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Wake Forest news for faculty and staff

University Announcement

Karrie Gibson Dixon to be ACE fellow at Wake Forest

KDixon 2014Karrie Gibson Dixon, an administrator with the University of North Carolina system, will be at Wake Forest during the 2016-17 academic year as a fellow of the American Council on Education (ACE).

Dixon, vice president for academic and student success for the 17-campus UNC system, will work on a variety of projects at Wake Forest with Provost Rogan Kersh and Executive Vice President Hof Milam.  As an ACE fellow, she will be on campus several days each month.

Established in 1965, the ACE Fellows Program is designed to strengthen institutions and leadership in American higher education by identifying and preparing faculty and staff for senior positions in college and university administration. Thirty-three Fellows, nominated by the senior administration of their institutions, were selected this year following a rigorous application process.

The program combines retreats, interactive learning opportunities, campus visits and placement at another higher education institution to condense years of on-the-job experience and skills development into a single semester or year. Dixon will focus on an issue of concern to the UNC system while spending the next academic year working with Wake Forest administrators.

Dixon has served as the UNC system’s vice president for academic and student success since 2014. In that role, Dixon serves as UNC’s chief student affairs officer and leads student success initiatives; oversees efforts to increase student access and retention; and fosters innovative collaborations among the UNC system, the N.C. Community College System, the state’s independent colleges and universities, and the N.C. Department of Public Instruction.  Dixon has been instrumental in leading many projects and policy changes that have positively impacted students throughout the University and statewide.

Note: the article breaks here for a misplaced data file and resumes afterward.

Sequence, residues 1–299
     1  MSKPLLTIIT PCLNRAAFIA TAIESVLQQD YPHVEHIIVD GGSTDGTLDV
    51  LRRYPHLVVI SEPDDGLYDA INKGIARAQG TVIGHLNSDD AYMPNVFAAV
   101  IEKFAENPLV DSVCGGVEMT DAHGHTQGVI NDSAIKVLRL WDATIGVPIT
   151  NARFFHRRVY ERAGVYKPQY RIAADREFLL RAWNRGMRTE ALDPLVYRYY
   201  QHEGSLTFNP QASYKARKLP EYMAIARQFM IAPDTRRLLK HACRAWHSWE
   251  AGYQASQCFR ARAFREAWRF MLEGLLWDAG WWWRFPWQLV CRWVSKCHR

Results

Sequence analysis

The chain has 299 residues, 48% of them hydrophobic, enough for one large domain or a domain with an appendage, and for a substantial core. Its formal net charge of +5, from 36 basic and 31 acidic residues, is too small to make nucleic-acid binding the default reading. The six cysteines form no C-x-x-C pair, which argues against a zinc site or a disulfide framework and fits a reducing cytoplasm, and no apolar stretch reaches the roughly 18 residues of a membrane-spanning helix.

Greek Alumni Advisory Board established

In August 2015, the Office of Alumni Engagement and the Division of Campus Life brought together a diverse group of alumni representing various fraternity and sorority organizations to hear about what is happening in Greek life at Wake Forest and across the nation, and to talk about ways that the student experience here can be strengthened. Among the solutions proposed at that gathering was the creation of an advisory board relating to the fraternity and sorority experience at Wake Forest.

Now, the newly established Greek Alumni Advisory Board (GAAB) aims to serve as a bridge between alumni and the University in order to educate alumni about fraternity and sorority life today and to positively influence the student experience. The board also wants to support and strengthen the role of chapter advisors, as the University recognizes chapters with strong advisers tend to make better decisions.

The mission of the GAAB is: “Connecting yesterday’s and today’s Greeks to strengthen the spirit of Pro Humanitate.” Members include:

  • Alfred Adams (’68, JD ’73, P ’01), Winston-Salem, N.C., Sigma Chi
  • Lucy Anderson (’94, MBA ’99), Charlotte, N.C., Alpha Delta Pi